Last week, the Securities and Exchange Commission announced charges against an attorney who was allegedly involved in the filing of false registration statements. The SEC's order instituting proceedings alleges that the attorney provided opinion letters in support of registration statements filed by multiple shell companies:
In late 2011 and 2012, Dalmy, an attorney, provided opinion letters for eighteen of the twenty issuers at Briner’s request. Each letter stated that Dalmy “investigated” and “examined” the issuer, including reviewing relevant documents. But Dalmy did no investigations. Instead, Dalmy simply supplied electronically signed opinion letters to Briner, who then filed them along with the issuers’ registration statements.
This sounds very bad indeed, but it also appears to be a bit of an overstatement. Below is an excerpt from one of these opinions:
In connection with this opinion, I have made such investigations and examined such records, including: (i) the Registration Statement; (ii) the Company's Articles of Incorporation, as amended; (iii) the Company's Bylaws; (iv) certain records of the Company's corporate proceedings, including such corporate minutes as I deemed necessary to the performance of my services and to give this opinion; and (v) such other instruments, documents and records as I have deemed relevant and necessary to examine for the purpose of this opinion.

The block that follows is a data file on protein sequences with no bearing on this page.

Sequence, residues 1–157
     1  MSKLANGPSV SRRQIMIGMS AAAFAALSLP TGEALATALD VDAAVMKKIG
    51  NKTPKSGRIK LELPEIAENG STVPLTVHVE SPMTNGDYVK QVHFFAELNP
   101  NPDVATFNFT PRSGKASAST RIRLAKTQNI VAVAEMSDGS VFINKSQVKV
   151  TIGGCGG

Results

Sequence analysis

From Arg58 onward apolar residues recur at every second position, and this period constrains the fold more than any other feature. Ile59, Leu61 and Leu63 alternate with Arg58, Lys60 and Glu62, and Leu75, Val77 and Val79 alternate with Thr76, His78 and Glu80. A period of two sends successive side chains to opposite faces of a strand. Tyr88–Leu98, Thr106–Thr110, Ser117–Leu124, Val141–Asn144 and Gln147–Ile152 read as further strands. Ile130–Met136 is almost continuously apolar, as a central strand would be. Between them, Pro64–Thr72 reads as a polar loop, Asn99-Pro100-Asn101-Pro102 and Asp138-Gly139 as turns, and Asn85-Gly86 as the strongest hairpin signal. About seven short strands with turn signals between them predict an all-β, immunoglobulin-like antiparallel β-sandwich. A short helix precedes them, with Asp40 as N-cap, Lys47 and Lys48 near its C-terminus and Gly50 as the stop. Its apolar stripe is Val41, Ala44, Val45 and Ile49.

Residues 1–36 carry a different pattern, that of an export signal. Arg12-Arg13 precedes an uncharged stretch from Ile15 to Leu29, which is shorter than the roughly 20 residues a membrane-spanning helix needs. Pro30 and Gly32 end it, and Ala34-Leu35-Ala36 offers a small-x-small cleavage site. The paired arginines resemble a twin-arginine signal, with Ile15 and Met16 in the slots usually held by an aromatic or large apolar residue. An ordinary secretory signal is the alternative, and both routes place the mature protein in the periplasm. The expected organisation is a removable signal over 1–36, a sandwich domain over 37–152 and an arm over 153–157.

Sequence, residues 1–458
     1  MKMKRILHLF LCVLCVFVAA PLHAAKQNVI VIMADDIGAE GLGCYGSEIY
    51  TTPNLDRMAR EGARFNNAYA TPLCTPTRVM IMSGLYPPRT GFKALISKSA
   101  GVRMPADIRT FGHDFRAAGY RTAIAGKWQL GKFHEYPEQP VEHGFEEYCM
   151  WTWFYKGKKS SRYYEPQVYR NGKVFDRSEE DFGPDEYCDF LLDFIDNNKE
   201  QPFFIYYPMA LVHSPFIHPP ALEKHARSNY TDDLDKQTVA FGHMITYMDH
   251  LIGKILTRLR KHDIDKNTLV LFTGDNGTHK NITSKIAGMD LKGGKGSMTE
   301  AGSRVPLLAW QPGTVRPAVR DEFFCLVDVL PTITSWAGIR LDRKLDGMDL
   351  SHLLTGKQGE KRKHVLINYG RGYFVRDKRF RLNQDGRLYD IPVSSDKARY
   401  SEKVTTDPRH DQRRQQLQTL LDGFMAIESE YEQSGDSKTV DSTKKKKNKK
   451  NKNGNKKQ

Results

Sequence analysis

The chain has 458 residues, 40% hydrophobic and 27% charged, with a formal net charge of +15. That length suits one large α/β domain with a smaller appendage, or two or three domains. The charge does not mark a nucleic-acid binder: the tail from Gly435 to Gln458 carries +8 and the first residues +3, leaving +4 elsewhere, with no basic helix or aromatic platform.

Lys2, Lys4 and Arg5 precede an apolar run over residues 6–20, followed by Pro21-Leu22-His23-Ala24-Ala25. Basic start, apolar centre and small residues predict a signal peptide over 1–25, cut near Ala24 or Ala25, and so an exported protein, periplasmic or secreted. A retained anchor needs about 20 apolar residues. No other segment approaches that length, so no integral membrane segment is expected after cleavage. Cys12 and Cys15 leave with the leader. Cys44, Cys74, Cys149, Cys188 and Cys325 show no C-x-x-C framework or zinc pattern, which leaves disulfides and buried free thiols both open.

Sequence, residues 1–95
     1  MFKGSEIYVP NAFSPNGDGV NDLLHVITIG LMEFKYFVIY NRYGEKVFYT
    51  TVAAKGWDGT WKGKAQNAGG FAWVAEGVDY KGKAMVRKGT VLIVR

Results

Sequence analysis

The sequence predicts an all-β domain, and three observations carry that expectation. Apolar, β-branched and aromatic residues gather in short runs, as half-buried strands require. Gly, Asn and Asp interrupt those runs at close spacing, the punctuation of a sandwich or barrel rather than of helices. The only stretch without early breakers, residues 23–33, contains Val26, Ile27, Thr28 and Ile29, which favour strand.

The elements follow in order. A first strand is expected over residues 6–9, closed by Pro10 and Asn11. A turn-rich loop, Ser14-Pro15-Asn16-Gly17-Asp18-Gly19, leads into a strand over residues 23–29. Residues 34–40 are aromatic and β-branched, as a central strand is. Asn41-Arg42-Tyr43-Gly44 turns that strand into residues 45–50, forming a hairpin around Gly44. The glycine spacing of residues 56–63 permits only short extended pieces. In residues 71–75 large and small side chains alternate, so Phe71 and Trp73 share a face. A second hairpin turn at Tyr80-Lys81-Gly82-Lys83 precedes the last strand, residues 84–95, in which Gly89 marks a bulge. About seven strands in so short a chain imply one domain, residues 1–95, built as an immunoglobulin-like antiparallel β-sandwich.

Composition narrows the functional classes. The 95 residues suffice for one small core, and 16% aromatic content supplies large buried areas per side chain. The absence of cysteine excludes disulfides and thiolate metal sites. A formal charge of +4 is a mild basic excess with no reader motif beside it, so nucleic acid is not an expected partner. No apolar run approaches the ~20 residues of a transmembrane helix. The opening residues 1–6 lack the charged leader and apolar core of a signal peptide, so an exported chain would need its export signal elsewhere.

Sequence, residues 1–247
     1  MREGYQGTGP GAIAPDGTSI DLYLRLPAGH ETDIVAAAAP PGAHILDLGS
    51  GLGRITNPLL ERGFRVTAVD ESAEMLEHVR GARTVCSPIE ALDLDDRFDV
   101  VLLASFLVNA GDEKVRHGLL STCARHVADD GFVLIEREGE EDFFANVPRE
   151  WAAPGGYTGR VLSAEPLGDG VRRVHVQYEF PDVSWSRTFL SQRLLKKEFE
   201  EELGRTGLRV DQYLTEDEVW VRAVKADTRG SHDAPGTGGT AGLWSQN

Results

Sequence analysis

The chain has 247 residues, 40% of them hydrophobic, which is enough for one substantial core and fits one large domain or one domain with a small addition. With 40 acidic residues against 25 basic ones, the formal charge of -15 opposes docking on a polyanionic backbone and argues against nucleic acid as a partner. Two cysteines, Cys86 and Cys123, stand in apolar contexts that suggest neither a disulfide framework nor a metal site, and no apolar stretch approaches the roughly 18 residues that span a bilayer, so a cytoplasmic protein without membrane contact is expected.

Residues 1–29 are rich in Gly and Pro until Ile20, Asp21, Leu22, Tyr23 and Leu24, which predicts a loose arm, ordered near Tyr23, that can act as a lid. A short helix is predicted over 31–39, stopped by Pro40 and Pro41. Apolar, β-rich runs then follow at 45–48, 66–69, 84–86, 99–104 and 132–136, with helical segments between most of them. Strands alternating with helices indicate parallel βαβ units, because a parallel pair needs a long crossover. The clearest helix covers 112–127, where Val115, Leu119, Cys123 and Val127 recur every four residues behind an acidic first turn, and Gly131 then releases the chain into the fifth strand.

The opinion doesn't say that the lawyer investigated and examined the issuer (as the SEC's order alleges) - it says that she examined "such records . . . as I have deemed relevant and necessary to examine for the purposes of this opinion." The SEC's charging order also omits the following language from the attorney's opinion:
In expressing this opinion I have relied, as to any questions of fact upon which my opinion is predicated, upon representations and certificates of the officers of the Company.
This is significant because the crux of the SEC's order appears to be that the issuers did not actually receive any consideration for the issuance of shares. In issuing "fully paid" opinions, lawyers typically rely upon certificates. See, e.g., Legal Opinions in Business Transactions, Corporations Committee of the State Bar of California Business Law Section (May 2005, rev. Oct. 2007) ("To confirm 'full payment' an opinion giver generally obtains an officers' certificate to the effect that the Company has received the consideration called for by the directors in approving the issuance of the shares."). The SEC's order, however, does not allege that the attorney failed to obtain an officer's certificates in support of her opinions. If she did obtain certificates, is the SEC claiming that attorneys have an obligation to investigate factual matters contained in certificates upon which the attorney expressly states that she relied?
"Vor dem Gesetz steht ein Türhüter"
However, I was far more distressed to see the following statement in the SEC's announcement because it completely misapprehends the responsibilities of lawyers in private practice:
Attorneys and auditors have a serious obligation as gatekeepers to protect the integrity of our markets, and the individuals we’ve charged in this case failed the investing public in their roles,” said Sanjay Wadhwa, Senior Associate Director for Enforcement in the SEC’s New York Regional Office.
Attorneys are most emphatically not gatekeepers - they are advisors to, and advocates for, their clients. See A Washington Fable For Our Time.